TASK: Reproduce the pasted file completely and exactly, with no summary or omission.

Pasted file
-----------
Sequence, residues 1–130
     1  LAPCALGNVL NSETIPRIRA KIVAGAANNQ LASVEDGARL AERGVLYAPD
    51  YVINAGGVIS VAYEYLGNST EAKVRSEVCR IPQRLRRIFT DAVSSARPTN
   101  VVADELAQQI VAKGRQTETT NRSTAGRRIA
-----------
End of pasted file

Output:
Sequence, residues 1–130
     1  LAPCALGNVL NSETIPRIRA KIVAGAANNQ LASVEDGARL AERGVLYAPD
    51  YVINAGGVIS VAYEYLGNST EAKVRSEVCR IPQRLRRIFT DAVSSARPTN
   101  VVADELAQQI VAKGRQTETT NRSTAGRRIA